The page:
The Importance of Family
Family! This single term is one of the most important words in our cultural vocabulary. It creates a firm sense of identity tied to important values of respect, love, strength, sacrifice, and endurance. It does not matter where we live, as caring for our families will always be a top priority integrated into our daily activities.
As Polynesian parents we take our responsibilities seriously to care for the elderly, to show respect and love for God, and to pass on the value of family first to our children. These hallmarks of our cultural identity means the entire family is immersed in carrying these values forward through future generations. We spend an insane amount of time teaching, and reteaching these values to our children to make sure our cultural heritage is never lost.
Modern Strain on Polynesian Families
But moving away from the Islands, we and our children are greeted and influenced by different cultures, ideas, values, and activities. We are no longer surrounded by a village with the same values, culture and language.
Saddled with jobs that take us away from our home, we no longer have time to consistently teach our children to learn their rich heritage and cultural values. Too often, we worry about our children and hope that their teachers and church leaders are able to help us when our children need help in school and in church. We desperately want the best for our children.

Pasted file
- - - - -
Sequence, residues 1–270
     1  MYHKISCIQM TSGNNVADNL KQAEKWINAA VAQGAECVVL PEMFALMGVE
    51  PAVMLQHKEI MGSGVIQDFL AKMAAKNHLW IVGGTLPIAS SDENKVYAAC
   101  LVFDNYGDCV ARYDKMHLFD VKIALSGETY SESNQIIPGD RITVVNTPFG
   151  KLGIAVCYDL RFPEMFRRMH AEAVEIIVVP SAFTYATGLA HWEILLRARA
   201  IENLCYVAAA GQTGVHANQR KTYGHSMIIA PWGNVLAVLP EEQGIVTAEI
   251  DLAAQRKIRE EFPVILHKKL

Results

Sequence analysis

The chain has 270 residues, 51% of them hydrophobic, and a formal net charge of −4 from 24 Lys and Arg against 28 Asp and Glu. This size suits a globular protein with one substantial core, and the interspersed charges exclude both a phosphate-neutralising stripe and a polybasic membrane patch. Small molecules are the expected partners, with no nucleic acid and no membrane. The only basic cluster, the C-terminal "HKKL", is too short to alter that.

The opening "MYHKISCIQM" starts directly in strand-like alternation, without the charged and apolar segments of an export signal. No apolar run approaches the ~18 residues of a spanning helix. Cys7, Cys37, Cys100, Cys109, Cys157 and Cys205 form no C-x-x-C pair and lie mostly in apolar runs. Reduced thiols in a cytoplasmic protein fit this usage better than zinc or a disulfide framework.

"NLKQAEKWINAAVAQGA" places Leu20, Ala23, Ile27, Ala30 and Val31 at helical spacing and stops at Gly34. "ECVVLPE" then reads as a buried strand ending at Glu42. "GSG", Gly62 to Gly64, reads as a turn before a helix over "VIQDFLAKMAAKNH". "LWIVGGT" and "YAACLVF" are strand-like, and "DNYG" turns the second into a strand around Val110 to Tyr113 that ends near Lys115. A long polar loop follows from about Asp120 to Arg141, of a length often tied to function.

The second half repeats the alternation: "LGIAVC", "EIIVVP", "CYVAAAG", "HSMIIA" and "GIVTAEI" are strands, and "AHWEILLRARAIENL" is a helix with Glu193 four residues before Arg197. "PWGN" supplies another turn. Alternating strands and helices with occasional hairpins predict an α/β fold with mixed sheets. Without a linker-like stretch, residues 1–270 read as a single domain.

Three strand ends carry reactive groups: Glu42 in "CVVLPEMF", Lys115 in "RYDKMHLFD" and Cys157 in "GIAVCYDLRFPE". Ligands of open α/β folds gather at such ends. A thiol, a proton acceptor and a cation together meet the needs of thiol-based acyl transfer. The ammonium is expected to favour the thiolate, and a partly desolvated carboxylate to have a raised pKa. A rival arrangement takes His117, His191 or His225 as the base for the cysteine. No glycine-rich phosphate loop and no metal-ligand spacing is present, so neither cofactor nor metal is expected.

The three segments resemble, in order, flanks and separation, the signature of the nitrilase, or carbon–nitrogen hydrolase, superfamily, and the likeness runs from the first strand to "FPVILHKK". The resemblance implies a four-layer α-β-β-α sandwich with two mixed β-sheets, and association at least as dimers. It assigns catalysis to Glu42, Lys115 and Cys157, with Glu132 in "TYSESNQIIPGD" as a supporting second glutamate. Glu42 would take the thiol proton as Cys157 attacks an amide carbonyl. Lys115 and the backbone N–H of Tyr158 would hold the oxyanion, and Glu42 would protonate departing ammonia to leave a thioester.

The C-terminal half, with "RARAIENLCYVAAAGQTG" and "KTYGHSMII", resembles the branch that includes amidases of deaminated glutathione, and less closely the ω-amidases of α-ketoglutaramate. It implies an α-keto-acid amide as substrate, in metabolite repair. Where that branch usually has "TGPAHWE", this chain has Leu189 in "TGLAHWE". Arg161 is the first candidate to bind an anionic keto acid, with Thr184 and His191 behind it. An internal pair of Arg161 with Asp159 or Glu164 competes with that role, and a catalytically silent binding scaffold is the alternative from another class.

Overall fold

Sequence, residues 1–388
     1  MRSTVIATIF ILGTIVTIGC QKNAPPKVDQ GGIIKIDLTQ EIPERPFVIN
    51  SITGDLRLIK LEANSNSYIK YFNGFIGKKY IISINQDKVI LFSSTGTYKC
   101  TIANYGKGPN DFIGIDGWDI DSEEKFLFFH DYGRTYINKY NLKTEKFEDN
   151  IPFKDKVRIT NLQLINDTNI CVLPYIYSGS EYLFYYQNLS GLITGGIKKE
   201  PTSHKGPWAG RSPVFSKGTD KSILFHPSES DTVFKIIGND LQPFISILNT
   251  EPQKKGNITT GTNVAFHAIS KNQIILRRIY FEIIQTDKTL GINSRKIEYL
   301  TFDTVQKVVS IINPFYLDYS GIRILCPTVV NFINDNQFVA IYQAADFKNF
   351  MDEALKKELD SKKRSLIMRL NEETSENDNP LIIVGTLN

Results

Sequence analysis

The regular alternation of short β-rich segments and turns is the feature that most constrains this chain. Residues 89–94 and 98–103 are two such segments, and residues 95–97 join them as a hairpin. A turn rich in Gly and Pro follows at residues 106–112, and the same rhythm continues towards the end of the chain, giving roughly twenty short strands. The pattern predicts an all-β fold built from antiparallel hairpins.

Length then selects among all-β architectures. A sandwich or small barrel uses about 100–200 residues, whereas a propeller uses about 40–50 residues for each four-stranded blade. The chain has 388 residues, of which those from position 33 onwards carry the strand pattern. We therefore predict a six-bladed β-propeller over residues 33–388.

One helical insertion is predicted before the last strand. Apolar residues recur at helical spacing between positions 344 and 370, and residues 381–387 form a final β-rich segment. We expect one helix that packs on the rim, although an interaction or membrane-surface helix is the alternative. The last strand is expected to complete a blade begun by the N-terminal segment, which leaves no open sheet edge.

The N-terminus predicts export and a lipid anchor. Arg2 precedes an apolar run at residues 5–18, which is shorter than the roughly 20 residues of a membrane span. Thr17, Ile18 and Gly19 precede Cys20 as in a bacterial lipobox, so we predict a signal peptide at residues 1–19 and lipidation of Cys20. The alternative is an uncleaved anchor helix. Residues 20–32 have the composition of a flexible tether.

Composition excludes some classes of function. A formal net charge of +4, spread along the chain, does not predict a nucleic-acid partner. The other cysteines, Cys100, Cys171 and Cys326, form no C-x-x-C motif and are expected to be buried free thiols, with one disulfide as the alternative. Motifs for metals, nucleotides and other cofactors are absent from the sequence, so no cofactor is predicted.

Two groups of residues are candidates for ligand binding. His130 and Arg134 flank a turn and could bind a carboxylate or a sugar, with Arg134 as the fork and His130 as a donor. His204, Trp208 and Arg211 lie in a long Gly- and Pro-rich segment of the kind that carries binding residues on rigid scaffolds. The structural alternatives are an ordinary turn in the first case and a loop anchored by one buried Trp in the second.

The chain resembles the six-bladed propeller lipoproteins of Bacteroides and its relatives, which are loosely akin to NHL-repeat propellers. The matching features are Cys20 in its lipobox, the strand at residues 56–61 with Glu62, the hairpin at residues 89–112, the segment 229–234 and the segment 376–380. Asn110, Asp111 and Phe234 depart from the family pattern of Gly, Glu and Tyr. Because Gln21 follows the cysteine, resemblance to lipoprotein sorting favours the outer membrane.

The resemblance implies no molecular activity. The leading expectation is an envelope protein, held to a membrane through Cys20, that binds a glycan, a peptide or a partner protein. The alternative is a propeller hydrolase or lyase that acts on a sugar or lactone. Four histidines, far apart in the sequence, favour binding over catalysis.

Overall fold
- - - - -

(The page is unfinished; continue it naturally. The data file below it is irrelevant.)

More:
Our desire to raise good children according to the traditions of our ancestors is admirable. We are not surprised when we get compliments of how well we raised such respectful children. It’s good that our children love us, and want us to be happy. We love it when our children do well in school and sports. Our hearts are warm when we see our children sit beside us in church. And we take great pride when they perform cultural rituals properly at funerals, weddings, and other special events.
How the Modern World Affects Our Children